Putnam County Residents To Receive Better Sewer Service

A $12.9 million federal loan to bring sewer service to 448 Putnam County residents along Route 33, Rocky Step Road, and Route 60 has been approved. Also, aging sewer lines within Marina Park, a mobile home community, will be replaced. The project essentially fills in the gap in the service area on Route 33, Teays Valley Road, to the Kanawha River. Marina Park has a sewage collection system that is connected to the Putnam Public Service District but the lines have deteriorated. The Route 60 portion of the project was originally conceived in 1996 and part of it was done then. Sewage from Route 33, the main portion of the project, will go to Nitro for treatment, while sewage from Route 60 and Marina Park will be treated at Hurricane. Ground for the project will probably be broken in early 2012, and construction is expected to take about one year. The Putnam Public Service District currently has 9,762 sewer customers.


McDowell County Prison Seeking Workers

The Federal Correctional Institution in McDowell County was officially activated two weeks ago, and the prison already serves as home to more than 50 inmates. The $249 million facility will house more than 1,150 medium security inmates, and nearly 130 minimum security adult male offenders. As of September 15th, the prison had hired 118 new employees, with nearly 100 from the commuting area. Public Information Officer Gene Beasley says, out of the 330 available positions, there's still 80 left to fill. Those positions include correctional officers, teachers, cooks, a chaplain and more. Federal officials estimate the facility will contribute approximately $38 million annually to the local and regional economy. According to Beasley, they hope to have medium security inmates inside sometime between November and December.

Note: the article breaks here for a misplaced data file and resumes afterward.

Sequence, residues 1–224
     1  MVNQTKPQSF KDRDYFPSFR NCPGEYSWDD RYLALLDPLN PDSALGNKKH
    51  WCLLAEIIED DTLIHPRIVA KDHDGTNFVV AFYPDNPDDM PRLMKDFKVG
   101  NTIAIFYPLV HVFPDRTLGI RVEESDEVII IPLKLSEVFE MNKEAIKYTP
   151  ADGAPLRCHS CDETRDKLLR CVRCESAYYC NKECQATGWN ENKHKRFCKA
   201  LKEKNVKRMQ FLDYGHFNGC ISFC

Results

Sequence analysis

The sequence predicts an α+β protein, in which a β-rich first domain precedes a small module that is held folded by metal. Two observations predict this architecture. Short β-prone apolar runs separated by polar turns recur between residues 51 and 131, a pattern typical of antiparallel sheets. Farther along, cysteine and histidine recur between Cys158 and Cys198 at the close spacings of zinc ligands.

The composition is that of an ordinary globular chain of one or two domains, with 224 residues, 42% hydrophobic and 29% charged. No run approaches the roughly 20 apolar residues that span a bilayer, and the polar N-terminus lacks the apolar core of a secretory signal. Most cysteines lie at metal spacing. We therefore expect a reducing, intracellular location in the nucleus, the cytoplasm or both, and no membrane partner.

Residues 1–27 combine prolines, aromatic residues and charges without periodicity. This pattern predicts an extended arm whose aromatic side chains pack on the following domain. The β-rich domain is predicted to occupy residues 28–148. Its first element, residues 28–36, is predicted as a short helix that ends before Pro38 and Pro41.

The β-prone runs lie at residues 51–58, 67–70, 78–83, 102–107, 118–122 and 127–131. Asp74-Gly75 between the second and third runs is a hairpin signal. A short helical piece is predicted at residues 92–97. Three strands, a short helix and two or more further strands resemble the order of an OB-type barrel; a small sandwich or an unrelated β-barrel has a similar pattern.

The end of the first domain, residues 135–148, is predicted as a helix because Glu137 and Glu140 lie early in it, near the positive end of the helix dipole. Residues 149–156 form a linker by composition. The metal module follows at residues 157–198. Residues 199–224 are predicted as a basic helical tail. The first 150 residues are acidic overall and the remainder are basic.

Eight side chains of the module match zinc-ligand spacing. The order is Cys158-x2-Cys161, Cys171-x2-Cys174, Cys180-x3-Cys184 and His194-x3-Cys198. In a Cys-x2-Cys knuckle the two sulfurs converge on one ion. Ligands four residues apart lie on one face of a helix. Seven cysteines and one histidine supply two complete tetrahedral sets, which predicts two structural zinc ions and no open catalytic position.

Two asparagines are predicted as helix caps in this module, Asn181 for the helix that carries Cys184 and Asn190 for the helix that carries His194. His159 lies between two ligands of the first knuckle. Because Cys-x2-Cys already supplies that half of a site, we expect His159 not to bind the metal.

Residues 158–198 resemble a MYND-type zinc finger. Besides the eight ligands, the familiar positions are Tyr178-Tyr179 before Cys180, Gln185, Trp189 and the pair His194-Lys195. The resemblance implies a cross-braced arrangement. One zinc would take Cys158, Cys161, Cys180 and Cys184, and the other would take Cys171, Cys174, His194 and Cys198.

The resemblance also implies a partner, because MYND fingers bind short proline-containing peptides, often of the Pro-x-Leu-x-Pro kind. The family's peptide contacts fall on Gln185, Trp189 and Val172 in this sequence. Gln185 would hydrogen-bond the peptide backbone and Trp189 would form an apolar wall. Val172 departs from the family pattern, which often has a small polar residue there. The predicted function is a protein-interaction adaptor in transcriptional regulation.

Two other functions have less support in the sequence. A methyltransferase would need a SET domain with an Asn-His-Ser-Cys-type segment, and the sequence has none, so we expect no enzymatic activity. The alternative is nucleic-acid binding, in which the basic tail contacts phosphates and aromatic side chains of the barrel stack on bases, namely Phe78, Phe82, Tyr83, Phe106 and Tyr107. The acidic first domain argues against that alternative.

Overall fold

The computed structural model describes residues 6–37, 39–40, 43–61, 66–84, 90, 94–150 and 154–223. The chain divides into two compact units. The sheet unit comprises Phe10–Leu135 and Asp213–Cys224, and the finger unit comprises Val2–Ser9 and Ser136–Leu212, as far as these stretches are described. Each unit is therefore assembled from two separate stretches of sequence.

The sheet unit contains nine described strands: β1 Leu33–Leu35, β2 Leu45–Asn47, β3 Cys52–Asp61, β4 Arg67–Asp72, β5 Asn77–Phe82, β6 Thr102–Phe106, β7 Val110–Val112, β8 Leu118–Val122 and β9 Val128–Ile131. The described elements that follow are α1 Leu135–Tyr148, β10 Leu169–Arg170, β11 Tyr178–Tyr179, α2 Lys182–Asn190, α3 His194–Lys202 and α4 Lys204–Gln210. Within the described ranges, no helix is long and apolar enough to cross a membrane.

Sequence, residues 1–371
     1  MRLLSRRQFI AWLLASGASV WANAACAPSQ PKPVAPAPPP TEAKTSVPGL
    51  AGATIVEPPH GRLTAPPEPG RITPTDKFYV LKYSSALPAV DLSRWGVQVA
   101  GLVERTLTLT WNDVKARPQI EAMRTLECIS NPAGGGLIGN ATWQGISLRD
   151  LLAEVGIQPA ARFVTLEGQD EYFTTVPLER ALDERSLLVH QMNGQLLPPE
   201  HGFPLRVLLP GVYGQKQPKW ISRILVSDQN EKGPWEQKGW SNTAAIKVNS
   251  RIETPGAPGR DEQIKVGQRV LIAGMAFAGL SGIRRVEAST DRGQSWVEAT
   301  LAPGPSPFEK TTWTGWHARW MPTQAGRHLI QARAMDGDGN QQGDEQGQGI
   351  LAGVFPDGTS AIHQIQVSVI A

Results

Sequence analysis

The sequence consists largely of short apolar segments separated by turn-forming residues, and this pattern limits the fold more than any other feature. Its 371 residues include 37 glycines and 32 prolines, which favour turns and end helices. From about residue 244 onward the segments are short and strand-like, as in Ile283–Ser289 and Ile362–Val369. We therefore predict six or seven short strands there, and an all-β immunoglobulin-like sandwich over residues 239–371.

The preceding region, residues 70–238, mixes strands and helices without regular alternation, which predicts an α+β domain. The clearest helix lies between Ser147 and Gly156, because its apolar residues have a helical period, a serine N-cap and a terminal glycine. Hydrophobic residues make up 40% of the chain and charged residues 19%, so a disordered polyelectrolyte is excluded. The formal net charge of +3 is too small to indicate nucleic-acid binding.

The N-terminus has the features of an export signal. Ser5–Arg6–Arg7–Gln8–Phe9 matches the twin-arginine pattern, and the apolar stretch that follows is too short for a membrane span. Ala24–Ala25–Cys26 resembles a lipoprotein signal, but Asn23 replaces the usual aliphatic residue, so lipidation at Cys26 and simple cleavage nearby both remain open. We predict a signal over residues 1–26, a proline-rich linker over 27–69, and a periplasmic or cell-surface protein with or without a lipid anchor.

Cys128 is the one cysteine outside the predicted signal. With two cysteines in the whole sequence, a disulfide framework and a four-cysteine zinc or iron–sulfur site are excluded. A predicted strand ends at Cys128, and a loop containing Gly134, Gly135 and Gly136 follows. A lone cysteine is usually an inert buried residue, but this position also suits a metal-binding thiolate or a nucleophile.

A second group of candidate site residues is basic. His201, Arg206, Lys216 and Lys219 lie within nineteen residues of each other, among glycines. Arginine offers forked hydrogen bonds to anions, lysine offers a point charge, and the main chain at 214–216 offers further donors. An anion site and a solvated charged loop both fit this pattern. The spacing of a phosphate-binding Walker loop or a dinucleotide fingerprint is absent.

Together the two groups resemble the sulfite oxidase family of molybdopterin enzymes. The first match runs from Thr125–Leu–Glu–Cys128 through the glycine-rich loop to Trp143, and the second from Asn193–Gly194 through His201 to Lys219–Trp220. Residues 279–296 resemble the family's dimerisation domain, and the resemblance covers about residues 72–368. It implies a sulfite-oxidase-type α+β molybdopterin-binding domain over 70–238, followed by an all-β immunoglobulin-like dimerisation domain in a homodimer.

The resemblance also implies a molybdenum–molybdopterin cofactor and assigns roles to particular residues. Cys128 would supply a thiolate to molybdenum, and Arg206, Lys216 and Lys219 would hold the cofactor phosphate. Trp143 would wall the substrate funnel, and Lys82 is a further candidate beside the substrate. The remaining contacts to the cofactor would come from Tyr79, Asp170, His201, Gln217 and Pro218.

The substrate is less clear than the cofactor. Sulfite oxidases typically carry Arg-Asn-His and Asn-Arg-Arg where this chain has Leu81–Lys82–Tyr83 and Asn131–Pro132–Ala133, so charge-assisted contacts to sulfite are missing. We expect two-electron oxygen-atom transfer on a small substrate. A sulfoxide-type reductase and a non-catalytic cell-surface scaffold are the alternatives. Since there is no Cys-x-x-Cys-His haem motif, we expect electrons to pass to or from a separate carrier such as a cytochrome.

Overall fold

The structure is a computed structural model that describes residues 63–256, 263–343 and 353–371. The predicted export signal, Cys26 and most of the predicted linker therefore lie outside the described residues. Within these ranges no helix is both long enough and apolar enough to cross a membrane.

DHHR Defends No-Bid Contracts

The state Department of Health and Human Resources is defending a plan to award no-bid contracts to three health care insurance companies, although some lawmakers are questioning the plan. Bureau of Medical Services Commissioner Nancy Atkins says bidding wouldn't produce a better deal, and the Centers for Medicare and Medicaid Services don't require competitive bidding. The DHHR already has agreements with the companies to provide health care to more than 160,000 Medicaid recipients who are on welfare, while the no-bid contracts cover another 55,000 Medicaid recipients who are part of the Social Security Income program. The contracts for both Medicaid groups would total nearly $600 million. Kanawha County Delegates Ron Walters and Nancy Peoples question whether the no-bid contracts are legal, but DHHR spokesman John Law says state law doesn't require bids for managed care products.

Friday, October 01, 2010